You have to find something that forces you to look at things you would never look at. People have suggested writing modules, but that just makes you use the stuff you already know. Other people have suggested books, but there aren't that many deep secrets in the books that you can't get almost anywhere else.
Here's what I do, although not on purpose:
- Teach Perl - until you have to explain how something works, you probably don't really understand it. You may be able to use it correctly, but the act of teaching makes you integrate it into a larger view of everything.
- Answer perlfaqs - This is much like teaching Perl, although you don't get the pressure of a student waiting for an answer. you do get to research the topic though.
- Write about Perl - Sit down and write down everything you know about a topic. That's probably only a small fraction of what there is to know. Start filling in the details.
- Read perl5porters, etc - a lot of the deep secrets aren't in books. You'll have to wade through a lot of mailing lists, usenet posts, and other sources to get a few nuggets.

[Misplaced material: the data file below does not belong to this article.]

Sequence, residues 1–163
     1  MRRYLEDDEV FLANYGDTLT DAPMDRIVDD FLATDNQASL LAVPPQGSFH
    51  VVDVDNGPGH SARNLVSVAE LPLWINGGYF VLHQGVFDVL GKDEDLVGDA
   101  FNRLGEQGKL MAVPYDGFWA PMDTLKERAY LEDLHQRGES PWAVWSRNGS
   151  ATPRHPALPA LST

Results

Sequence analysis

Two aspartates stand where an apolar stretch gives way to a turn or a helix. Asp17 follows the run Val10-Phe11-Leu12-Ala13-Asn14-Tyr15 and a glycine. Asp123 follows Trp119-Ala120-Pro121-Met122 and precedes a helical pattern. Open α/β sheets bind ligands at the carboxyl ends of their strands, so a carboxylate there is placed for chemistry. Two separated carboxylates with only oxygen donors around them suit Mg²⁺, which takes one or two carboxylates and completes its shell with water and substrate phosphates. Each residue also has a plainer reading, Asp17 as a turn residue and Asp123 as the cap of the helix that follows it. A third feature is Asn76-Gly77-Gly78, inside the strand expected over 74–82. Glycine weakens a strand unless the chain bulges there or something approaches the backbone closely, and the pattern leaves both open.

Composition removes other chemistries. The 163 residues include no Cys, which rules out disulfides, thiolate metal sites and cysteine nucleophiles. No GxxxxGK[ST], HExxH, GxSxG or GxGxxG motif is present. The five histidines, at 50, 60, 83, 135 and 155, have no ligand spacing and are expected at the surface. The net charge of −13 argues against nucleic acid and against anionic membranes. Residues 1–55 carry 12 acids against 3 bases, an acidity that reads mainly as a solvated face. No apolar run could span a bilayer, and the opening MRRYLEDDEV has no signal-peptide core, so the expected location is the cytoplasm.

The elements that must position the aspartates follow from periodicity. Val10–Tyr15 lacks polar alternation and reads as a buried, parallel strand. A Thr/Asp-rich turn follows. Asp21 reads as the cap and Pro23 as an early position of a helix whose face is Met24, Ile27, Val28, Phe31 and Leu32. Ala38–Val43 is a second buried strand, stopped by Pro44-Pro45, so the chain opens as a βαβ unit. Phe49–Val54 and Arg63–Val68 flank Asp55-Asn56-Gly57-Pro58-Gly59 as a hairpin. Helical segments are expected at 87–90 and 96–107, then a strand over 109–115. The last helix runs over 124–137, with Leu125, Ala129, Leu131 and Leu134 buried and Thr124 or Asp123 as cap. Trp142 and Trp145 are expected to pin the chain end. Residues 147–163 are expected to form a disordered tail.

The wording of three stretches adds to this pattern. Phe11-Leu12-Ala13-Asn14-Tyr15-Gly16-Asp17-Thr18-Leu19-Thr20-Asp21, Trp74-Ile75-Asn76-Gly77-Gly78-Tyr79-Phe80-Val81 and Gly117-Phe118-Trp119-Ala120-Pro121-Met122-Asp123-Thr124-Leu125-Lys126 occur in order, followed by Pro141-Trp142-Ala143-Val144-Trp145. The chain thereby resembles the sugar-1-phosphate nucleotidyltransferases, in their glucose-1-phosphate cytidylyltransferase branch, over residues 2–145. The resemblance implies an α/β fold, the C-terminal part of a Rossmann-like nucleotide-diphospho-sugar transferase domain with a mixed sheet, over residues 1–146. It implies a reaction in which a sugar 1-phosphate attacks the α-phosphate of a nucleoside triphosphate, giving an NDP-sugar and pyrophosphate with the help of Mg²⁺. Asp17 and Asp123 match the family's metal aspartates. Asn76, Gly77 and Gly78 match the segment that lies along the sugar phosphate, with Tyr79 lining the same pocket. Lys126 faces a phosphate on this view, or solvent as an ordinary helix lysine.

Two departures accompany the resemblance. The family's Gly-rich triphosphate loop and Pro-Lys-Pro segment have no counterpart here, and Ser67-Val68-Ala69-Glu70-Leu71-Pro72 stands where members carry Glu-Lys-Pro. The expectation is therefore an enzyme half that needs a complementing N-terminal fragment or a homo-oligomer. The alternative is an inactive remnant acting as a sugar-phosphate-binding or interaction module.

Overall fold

- Read the source - look under the hood of Perl scripts and modules, and do it a lot. If you really want to know the black magic, figure out which authors have weird or fragile idioms and styles. You don't have to code like they do, but you'll have to figure out how they are doing their magic.
- Write the source - if you get over your fear of reading the source, start writing the perl source. You'll have to figure out how everything connects to everything else.
- Just stick around - keep doing what you are doing, but for a lot longer.
brian d foy <email@example.com>
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